The Morehouse Parish School System believes that all students can succeed, and to help students do this they are starting a school monitor program this September.
This program came into being through conversations between Superintendent David Gray, Child Welfare and Attendance Supervisor Ralph Davenport, and some local ministers.
“Some ministers approached me and asked how they could help and what part they could play in the community,” said Gray. “Later, Mr. Davenport and I were talking, and he mentioned that this program had been used here in the past and we decided to start using it again.”
This program, starting at Morehouse Jr. High, will bring together local ministers to monitor halls and be mentors to students. Monitor's duties include supervising students in the hallways, reporting illegal activities, monitoring non-school personnel, maintaining positive communication with students and staff, working one-on-one with students struggling in school, and other tasks. Monitors will have two-way radios to communicate with school administrators, by whom they will be supervised.
The men are also encouraged to hand out Ram Bucks to students with good behavior. These Bucks can be used to buy pencils, notebooks, and other rewards from the PBIS store.
The main purpose of the school monitor program is to set positive examples for students and to motivate them to do their best. Superintendent Gray believes these men will have a positive impact on students.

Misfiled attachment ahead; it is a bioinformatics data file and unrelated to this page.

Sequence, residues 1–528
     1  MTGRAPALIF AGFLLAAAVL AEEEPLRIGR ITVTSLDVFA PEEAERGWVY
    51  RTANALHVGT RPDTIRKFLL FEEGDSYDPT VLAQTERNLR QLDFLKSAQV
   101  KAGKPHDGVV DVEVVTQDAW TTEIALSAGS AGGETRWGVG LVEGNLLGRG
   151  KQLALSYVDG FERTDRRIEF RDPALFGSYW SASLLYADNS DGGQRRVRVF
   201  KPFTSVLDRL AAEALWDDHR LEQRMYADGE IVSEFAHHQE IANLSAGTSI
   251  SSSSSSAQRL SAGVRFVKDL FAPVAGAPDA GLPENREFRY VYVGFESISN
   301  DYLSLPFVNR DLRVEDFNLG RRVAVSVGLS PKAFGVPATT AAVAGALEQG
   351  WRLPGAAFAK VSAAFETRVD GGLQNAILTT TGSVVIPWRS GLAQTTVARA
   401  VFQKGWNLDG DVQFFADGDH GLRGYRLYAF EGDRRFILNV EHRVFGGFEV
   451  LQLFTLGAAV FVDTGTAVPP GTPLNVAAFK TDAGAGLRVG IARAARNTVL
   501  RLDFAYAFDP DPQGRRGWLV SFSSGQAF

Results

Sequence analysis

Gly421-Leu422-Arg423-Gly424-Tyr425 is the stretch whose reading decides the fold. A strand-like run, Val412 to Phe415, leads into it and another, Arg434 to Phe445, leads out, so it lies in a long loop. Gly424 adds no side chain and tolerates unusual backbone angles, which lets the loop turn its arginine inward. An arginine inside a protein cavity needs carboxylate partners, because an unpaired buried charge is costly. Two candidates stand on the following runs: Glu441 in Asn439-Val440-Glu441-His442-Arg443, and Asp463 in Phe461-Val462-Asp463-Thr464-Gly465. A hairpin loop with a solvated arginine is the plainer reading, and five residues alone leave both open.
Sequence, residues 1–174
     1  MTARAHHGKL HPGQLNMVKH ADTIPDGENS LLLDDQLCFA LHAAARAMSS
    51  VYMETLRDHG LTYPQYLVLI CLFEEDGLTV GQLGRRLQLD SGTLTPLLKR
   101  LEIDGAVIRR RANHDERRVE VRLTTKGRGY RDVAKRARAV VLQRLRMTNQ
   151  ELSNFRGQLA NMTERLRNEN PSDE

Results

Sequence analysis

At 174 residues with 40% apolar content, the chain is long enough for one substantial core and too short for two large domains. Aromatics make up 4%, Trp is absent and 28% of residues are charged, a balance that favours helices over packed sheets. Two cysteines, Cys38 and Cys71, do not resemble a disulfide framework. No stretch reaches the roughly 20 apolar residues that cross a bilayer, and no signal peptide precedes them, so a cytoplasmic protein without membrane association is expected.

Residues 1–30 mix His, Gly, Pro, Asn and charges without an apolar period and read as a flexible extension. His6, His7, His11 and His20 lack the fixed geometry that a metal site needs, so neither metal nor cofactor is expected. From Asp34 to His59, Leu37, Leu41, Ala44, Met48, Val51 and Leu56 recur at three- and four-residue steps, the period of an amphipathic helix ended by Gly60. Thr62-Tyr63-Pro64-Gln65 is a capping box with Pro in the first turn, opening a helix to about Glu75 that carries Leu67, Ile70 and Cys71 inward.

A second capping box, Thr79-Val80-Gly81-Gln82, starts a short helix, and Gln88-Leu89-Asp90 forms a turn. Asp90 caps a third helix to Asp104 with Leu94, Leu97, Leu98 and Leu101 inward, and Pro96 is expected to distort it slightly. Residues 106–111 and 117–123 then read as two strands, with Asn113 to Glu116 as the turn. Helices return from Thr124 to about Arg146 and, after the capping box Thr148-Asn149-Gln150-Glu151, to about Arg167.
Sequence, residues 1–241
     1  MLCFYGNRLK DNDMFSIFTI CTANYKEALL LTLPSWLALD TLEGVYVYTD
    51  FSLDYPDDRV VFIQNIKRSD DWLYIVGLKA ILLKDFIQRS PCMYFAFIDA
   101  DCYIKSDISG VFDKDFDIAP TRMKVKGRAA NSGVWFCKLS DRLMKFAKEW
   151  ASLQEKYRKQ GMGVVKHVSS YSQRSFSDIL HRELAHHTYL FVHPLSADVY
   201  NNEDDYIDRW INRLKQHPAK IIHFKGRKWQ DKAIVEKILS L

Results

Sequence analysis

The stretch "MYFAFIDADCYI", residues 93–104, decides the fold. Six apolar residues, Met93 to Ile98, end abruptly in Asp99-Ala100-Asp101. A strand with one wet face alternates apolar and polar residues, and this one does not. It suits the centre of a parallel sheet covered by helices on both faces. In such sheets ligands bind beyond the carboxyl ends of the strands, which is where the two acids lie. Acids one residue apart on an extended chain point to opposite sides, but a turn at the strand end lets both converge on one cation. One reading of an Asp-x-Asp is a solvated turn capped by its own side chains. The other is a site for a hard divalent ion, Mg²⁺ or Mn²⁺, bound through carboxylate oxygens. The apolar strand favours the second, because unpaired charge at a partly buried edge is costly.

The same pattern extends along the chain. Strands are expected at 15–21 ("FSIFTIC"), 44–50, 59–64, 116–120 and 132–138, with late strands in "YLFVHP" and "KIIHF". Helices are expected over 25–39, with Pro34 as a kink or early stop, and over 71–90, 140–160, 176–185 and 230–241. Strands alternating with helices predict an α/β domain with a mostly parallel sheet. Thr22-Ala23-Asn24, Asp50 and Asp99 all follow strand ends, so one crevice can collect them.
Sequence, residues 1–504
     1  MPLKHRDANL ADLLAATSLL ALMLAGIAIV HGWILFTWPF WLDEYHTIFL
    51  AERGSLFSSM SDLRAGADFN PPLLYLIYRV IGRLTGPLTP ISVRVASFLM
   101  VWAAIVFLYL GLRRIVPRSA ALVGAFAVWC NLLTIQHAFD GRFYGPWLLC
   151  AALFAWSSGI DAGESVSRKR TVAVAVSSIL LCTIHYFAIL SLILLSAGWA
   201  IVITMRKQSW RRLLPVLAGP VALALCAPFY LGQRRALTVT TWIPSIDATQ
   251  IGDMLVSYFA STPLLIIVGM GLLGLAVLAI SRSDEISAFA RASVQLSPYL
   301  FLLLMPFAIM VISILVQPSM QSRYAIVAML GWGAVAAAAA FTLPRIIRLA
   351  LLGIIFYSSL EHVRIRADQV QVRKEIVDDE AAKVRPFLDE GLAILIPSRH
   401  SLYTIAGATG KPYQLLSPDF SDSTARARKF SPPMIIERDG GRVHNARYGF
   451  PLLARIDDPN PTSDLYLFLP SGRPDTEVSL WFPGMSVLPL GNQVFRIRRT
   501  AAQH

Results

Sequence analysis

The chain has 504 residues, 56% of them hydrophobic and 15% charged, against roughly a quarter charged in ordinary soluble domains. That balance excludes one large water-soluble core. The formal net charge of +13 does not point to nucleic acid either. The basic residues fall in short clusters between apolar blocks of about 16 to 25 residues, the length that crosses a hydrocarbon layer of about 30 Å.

“These are adults that have experienced problems and experienced life,” said Gray. “I hope through this program students will be provided with good role models that set great examples.”
Superintendent Gray and the men also want all the children to know someone cares about them.
As the school monitor guidelines say, “Some students may not have a parent active in their life, and school monitors help youngsters feel there are adults who care about them.”
There are, of course, limits to what they can do and rules they must follow. To become a monitor individuals must pass a drug test and a background check. Those who act as monitors must not initiate prayer or any religious instruction, they must keep information they learn about students confidential, and must refrain from taking pictures.
“We don't want anything to cast a bad light on our program,” said Davenport.
Another important goal of the program is to get parents more involved. Davenport wants to eventually have parents and community individuals working with the ministers. He hopes to get parents more involved with their students and change any bad views they may have about the schools.
“The ultimate goal is to get more parents involved so they can see what goes on at the campus,” said Davenport. “By getting the parents in here we can change their attitude, get their support, and make the school better.”
Morehouse Junior High Principal Marilyn Taylor looks forward to the new program, hopes it can be of help to the students, and is excited to work with the ministers.
“I'm looking forward to working with you and seeing you on a daily basis,” said Taylor.
This program at Morehouse Junior High is just the start, however. They hope to keep expanding it throughout Bastrop.
“We plan to expand this next to Bastrop High and then to other schools,” said Davenport.
A meeting was held for the ministers at the Morehouse Junior High campus Wednesday, September 5. Mr. Ralph Davenport discussed the duties of Monitors and talked about the rules, and a tour of the school was given.
Mr. Davenport and the ministers look forward to starting the program and helping the community. Superintendent Gray thanked the ministers who volunteered and looks forward to the positive impact the program could have on the students.
“Thank you so much,” he said. “We're going to make a difference.”
Anyone who wishes to help is encouraged to volunteer. Those interested should contact Ralph Davenport at 283-3467 or 282-2166.